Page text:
Below the combing

– Last Updated: May-15-05 11:19 AM EST –

I like a back band that does not stick above the combing at the back of the cockpit. If it sticks above the combing, I always drag my Butt on it getting in, and have problems. As long as it is no higher than the combing, it works well for me.

I too dislike the ratchet adjusters. I think you are just paying for something that is hardly ever used. Once I get it set, I have never had to adjust them after.

Keep it low, and use the bungie cord to hold it up even with the combing.

Good Luck!

Every boat needs a slightly different setup - so can’t say much more than to recommend “low” - and “narrow” (as in WW styles - not touring styles: IR Reggie 2.0, NSI mini WW, etc.). Expect to tweak it a few times after a few longer paddles.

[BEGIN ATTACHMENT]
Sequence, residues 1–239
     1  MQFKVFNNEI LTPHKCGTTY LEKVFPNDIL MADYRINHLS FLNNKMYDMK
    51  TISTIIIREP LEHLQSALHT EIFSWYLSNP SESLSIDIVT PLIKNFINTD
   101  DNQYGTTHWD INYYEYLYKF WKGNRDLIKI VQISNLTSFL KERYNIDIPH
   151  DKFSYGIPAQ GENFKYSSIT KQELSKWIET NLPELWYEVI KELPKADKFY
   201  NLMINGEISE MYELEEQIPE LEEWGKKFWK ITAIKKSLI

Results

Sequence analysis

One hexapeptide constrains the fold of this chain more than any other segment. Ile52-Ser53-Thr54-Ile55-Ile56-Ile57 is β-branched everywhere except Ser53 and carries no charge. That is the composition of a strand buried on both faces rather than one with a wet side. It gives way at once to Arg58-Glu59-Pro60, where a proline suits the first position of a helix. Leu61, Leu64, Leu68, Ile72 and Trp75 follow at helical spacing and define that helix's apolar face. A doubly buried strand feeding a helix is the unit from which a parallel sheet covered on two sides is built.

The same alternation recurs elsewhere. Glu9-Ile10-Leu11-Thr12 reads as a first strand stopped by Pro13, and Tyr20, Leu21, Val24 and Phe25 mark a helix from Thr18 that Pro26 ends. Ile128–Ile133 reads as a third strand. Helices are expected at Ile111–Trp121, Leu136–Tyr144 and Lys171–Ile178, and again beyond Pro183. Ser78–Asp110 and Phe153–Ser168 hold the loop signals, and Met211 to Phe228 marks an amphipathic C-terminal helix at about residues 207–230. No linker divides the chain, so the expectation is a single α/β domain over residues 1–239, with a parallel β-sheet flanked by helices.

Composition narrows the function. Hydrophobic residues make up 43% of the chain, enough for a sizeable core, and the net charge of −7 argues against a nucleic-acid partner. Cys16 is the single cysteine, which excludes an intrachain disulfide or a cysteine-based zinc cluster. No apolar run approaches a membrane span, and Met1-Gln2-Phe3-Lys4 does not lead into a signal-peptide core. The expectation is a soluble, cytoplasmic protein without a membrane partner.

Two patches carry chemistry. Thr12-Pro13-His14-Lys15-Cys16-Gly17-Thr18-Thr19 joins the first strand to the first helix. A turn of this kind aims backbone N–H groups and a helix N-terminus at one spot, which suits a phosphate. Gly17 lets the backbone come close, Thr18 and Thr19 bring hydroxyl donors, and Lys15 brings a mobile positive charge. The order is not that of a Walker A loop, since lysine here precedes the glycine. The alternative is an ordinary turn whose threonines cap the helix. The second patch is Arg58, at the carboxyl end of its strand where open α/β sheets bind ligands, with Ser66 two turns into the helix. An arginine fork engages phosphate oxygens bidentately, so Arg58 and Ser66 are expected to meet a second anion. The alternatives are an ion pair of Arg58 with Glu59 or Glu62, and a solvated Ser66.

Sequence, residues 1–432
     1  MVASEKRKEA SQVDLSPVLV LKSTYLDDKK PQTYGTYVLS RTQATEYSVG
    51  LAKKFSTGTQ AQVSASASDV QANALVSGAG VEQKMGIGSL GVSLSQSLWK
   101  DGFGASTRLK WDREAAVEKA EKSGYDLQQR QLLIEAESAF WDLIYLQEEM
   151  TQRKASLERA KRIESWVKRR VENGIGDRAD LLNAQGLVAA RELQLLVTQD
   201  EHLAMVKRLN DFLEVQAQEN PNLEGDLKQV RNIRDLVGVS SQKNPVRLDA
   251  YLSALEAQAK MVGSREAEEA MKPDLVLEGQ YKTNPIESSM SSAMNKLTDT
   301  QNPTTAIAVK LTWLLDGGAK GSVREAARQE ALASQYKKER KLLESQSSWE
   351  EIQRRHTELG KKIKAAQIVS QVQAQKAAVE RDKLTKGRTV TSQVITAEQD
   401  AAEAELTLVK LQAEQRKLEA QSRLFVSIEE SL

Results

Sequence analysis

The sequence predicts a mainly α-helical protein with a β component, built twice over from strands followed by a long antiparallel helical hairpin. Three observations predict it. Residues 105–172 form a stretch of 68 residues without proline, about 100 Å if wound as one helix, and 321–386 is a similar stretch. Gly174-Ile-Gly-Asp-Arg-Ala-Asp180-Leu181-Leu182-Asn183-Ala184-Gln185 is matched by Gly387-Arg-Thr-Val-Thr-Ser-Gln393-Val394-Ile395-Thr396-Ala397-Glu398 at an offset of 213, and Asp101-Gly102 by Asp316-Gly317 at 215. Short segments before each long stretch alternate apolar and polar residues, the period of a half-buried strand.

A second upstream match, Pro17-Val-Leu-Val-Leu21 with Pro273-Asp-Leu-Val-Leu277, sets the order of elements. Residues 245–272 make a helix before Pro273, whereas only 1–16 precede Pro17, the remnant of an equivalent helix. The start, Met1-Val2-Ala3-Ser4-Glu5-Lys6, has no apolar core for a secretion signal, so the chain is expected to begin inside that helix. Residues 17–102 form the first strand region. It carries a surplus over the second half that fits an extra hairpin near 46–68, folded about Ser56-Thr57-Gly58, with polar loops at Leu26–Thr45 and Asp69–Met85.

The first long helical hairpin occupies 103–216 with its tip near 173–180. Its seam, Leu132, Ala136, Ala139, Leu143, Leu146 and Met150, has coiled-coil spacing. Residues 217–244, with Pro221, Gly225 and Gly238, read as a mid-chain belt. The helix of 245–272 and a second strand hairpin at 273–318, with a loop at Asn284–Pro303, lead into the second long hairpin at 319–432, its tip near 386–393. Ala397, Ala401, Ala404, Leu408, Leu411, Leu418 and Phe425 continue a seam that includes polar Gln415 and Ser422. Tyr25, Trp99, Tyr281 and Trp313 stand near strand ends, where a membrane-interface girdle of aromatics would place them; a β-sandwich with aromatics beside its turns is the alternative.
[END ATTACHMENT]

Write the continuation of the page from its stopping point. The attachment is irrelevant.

When you forget about it - it’s right.

I have re-adjusted mine a few times - always lower. It’s about as low as I can get it now. Lower and it would be hitting the seat pan - and it’s not a deep pan and has a pretty low back edge.

See if you can rig a way to secure to the back/bottom of seat that acts as a height adjustment (also keeps it from moving much getting in and out). I use the extra web straps on my IR for this.

The foam suggestion is also good. I’ll likely do that in future boats. For now it would kill some great storage space. I have a lot of room between the back of the seat and the rear bulkhead. Even more since I moved my seat 3" forward. Must be a foot back there now. Suppose I could glass it and add dayhatch…

I see you points, but I’ve had have the exact opposite experience.

I have no rust problem and zero slipping. The rigid straps hold the back band OUT of the way during re-entries in my boat and the material is VERY durable (as in zero wear over two years).

Web on the other hand will twist, slip, stretch and wear more over time.